Know the other requirements to earn highest APYs, best rewards

Although reaching a set number of monthly debit card purchases is the most common requirement to earn the highest APYs and best rewards, there are others. Account specifics vary by financial institution and can change periodically. However, this study focused on four key areas:

  • Debit card purchases
  • Direct deposit
  • Online banking
  • Online bill pay

Researchers found that 65% of accounts required customers to meet two or more of these qualifications.

Only one of the 73 accounts — FREE Checking from Great Lakes Credit Union — has four requirements, with a debit card purchase minimum of 15. Though it has a decent APY of 2.50% on balances of up to $10,000, it’s not the highest in the study. America’s Credit Union’s Affinity Basic checking account is offering a 3.00% APY on the first $1,000, and doesn’t require any of the four criteria. That’s why it pays to shop around and dig into the details.

Downsides to debit cards

Debit cards can be a convenient tool at times. However, making a lot of purchases may not always be in your favor. Here’s why:

You may be on the hook for fraudulent charges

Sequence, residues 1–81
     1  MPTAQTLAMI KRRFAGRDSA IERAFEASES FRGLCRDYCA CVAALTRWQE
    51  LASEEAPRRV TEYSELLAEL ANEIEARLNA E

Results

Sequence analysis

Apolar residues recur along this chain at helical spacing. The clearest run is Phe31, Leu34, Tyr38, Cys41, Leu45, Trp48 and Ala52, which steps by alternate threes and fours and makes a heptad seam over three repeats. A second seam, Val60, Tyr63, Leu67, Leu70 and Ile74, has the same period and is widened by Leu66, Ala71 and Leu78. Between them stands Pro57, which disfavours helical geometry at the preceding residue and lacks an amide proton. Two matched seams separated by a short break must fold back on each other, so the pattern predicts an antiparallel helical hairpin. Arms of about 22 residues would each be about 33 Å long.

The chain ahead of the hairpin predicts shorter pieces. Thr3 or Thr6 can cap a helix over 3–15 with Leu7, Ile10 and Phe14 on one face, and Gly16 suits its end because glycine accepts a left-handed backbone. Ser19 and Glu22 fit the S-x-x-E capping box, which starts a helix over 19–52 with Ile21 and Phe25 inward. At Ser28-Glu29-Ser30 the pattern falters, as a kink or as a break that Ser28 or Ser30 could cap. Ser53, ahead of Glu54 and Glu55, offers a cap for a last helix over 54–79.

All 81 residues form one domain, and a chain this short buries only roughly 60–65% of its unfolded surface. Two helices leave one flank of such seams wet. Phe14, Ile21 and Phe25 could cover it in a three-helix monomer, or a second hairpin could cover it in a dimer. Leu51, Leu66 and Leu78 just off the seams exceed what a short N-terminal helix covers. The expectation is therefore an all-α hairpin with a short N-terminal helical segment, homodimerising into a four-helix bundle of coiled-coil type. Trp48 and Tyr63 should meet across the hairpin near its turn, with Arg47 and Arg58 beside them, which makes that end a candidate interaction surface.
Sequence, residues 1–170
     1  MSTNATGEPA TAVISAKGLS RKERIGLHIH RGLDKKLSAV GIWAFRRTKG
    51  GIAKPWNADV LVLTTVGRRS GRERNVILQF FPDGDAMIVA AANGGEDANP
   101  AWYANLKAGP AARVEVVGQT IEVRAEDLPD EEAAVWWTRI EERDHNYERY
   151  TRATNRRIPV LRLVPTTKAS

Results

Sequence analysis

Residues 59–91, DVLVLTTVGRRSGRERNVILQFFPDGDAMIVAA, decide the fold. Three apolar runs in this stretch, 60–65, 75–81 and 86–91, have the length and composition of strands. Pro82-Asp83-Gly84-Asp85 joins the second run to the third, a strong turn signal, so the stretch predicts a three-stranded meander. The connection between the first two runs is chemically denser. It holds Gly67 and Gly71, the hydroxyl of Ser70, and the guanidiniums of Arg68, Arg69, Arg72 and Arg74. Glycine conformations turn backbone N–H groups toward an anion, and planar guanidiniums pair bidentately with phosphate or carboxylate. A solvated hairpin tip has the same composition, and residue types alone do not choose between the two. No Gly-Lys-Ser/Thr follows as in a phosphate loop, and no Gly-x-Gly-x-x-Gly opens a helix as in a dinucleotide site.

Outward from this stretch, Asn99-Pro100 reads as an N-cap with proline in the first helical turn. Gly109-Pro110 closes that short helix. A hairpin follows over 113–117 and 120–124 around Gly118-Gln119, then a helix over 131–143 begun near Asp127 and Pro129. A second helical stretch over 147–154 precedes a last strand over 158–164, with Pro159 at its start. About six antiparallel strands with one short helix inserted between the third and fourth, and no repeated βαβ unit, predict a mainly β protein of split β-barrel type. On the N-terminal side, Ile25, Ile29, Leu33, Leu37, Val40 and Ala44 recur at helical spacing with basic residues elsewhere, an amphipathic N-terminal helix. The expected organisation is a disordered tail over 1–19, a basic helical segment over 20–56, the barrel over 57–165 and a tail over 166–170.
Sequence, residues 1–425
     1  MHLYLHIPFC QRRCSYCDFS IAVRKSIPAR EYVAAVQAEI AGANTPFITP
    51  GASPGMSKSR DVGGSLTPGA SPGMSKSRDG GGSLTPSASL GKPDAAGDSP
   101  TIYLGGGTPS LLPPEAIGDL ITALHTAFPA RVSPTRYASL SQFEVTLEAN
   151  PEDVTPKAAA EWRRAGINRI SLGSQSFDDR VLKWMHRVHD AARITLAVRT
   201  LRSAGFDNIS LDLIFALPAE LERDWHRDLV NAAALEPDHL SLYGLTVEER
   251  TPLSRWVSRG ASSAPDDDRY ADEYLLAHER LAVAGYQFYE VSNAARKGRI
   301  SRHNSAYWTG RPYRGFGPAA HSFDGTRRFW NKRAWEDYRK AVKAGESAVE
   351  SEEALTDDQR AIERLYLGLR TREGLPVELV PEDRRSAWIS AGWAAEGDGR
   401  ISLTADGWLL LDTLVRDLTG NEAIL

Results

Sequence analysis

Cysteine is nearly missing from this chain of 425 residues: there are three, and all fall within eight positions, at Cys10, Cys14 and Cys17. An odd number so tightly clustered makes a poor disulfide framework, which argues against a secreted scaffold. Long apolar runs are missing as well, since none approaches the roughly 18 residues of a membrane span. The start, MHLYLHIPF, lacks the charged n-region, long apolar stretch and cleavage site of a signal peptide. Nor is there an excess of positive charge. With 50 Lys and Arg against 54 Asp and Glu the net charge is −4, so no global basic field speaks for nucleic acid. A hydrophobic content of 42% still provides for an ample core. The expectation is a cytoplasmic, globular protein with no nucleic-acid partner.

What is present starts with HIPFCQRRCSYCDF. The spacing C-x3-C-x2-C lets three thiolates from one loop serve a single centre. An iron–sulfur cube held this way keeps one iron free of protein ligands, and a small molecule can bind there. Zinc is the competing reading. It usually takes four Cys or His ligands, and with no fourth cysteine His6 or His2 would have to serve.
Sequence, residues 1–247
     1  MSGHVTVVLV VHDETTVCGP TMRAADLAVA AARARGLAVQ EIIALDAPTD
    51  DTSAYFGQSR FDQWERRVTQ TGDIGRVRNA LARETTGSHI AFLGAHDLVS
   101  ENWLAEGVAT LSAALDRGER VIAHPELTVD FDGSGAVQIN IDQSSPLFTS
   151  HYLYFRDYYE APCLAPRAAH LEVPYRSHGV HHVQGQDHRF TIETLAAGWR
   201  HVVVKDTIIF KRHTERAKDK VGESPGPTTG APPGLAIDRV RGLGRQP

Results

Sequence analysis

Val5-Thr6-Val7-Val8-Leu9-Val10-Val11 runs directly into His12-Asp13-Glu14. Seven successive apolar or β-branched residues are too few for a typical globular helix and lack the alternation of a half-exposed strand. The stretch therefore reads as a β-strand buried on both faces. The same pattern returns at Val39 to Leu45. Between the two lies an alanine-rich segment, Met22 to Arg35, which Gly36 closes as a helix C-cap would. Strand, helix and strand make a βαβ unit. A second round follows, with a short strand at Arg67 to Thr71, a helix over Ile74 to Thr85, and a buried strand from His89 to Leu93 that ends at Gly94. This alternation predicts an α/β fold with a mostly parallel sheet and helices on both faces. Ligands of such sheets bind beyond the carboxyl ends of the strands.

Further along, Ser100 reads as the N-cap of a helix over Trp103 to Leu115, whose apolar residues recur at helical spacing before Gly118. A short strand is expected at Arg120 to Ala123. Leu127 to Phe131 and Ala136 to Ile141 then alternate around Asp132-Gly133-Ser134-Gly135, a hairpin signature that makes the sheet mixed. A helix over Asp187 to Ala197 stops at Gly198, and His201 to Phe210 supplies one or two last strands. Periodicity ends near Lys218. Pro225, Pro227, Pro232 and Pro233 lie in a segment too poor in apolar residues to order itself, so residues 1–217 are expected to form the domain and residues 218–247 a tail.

The primary security risk with a debit card is unauthorized charges. “The longer it takes the consumer to report the unauthorized charges, the more liability the consumer assumes for those charges,” Tumin said. And it can be up to the full amount taken if it’s 60 days after your bank statement. Meanwhile, most credit cards offer zero liability against unauthorized charges.

You could be leaving rewards on the table

While using your debit card may help you earn a higher APY from your checking account, you have the potential to earn more through credit cards that have cashback rewards. “This is possible since banks generally receive a higher percentage of interchange fees from credit cards than from debit cards,” Tumin said. They can then pass on some of those earnings to customers in the form of cashback bonuses.

You don’t get help with credit-building

If you’re someone with a limited credit history, credit card activity — not purchases made on debit cards — is what gets reported to the credit bureaus. Over time with good payment behavior, your credit file will grow and your credit score will improve.

It’s worth nothing that some institutions let you enjoy credit card perks while still earning a respectable APY on your bank accounts, but it will take some checking account research.

“There are a few high-yield reward checking accounts with activity requirements that involve credit card purchases instead of debit card purchases,” Tumin said. “This can give checking account customers the benefits of both the high interest rates on the checking account and extra protection and rewards of credit cards.”